‘A HOT SUMMER night, fell like a net,” sang Robert Palmer, and on this particular night those lyrics fit perfectly. The summer heat did hang in the air like an East Coast August, and nets have a nasty habit of catching all kinds of things, as I was soon to see.
Leaning over to allow the little fan hidden behind the bar to do its cooling work, I looked languidly up and down the bar.
There sat a couple paying for their drinks out of a white envelope marked “soccer.” Further down a businessman furiously punched the keypad on three different phones; next to him, a golf shirt and baseball hat wearing guy sat waiting for a cab. Even further down sat two ladies dressed to the nines, presumably not for each other as Van Morrison once sang. Altogether just another normal weekday night, except for the heat.
The little fan whirred.
An arriving couple sat between the ladies and the golf guy. The couple had that sheen that comes with humidity. They also had a severe case of the giggles and the touchies, all signs of a first date.
He was all dark deep eyes and swarthy good looks. She was perhaps a touch older and beautiful in a way that was only accentuated by the silver tracing the edges of her long graceful hair.
Young love is always magical, even if only in the sense of the relationship and not the participants.
He waited for her to order before ordering his own drink. Gentlemen truly are getting harder to find.
“What do you think of the pinot noir? he asked.
“It’s a bit pricey for what it is,” I said.
“Do you think I can’t afford it?”
I looked around weakly. “Uhhh,” I stammered.
Sometimes, people say things that sound like jokes but they aren’t. They are deadly serious. There is always a split second before you know for sure. That moment is about as uncomfortable as it gets.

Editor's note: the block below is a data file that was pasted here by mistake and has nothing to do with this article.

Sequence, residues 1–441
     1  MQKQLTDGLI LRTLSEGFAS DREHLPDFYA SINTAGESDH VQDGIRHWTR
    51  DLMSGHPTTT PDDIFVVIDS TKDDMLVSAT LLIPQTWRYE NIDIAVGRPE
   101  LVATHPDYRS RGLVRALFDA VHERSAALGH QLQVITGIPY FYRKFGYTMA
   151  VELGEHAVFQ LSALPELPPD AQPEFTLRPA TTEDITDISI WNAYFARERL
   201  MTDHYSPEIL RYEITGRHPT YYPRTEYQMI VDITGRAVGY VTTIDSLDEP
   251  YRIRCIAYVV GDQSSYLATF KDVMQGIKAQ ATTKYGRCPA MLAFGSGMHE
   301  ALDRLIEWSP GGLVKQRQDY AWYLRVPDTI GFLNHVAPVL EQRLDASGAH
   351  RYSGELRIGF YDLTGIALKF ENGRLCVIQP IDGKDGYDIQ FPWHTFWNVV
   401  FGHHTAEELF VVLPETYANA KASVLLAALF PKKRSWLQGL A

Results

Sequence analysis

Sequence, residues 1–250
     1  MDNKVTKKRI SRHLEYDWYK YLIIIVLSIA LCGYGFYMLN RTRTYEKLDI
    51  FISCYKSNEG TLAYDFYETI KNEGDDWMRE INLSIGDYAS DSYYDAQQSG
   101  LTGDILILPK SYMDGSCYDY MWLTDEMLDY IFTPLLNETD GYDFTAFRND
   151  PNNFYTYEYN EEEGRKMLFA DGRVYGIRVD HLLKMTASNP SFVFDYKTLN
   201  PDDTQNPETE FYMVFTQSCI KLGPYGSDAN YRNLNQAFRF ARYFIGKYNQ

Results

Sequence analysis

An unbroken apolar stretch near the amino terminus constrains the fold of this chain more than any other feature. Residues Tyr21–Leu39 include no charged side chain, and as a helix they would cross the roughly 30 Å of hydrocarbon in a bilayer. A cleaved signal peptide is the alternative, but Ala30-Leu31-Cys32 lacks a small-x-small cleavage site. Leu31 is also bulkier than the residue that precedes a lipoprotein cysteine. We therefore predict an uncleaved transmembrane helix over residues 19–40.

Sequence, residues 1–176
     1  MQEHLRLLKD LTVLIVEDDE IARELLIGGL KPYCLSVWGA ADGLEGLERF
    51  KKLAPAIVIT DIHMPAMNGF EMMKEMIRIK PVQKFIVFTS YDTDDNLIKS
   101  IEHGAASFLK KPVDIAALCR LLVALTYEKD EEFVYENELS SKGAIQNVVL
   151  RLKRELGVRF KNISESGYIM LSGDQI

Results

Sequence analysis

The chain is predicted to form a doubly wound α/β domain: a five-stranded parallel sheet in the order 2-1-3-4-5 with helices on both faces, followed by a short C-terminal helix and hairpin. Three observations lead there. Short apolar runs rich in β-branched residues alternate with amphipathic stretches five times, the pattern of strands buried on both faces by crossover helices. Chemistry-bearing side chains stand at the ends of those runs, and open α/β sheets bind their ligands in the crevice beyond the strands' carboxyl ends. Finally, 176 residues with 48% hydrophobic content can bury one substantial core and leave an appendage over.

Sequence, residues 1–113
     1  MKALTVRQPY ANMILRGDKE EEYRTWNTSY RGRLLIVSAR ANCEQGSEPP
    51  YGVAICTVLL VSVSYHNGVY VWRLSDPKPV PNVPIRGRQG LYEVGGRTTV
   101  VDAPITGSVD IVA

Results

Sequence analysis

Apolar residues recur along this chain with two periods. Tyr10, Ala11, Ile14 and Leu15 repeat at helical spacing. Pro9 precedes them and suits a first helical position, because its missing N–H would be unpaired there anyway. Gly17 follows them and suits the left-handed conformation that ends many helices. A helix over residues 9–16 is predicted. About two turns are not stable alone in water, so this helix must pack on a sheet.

“I meant for me,” I said, dodging that net.
“Try the Carmel one,” said his date, unaware of the casted net.
“What do camels have to do with it?”
“Huh?” she and I said in unison.
“Not everyone with a Middle Eastern background owns a camel.”
Again, it sounded like a joke but was anything but.
“Not camel, silly,” she said. “Carmel, as in Central California.”
He eyed her suspiciously before shrugging off the dysfunction.
Sometimes, we hear what we want to hear.
I poured the nearly offensive wine and retreated back to my fan. Later I was again summoned from my breezy respite by the now openly canoodling couple.
“We want to try something different?” she said.
I presented them with a wine list and stood by patiently as she looked briefly at it.
“Why don’t you just tell me what the wines are?”
Years of experience have taught me that reading glasses are rarely acceptable fashion on a first date. I listed the wines that we carried, including varietal and vintage as best I could. He stopped me at a 2007 cabernet.
“Do you have anything younger?”
“Who is not getting any younger?” she said, turning to look at him.
It was now his turn to dodge the net.
“Huh?” he said. “The wine.”
She now eyed him suspiciously.
From then on I gave them the widest berth possible, which seemed to suit them just fine. After my co-worker collected the check they left but not before engaging in the most awkward first kiss that I have ever witnessed.
As I stood in the strong breeze of the hidden fan two things occurred to me:
• Just because something is hidden, it doesn’t mean that it is not affecting everything that goes on.
• Perhaps it is only true love that can help us overcome our own personal demons; but, sometimes, infatuation is a great way to cover them up for a little while.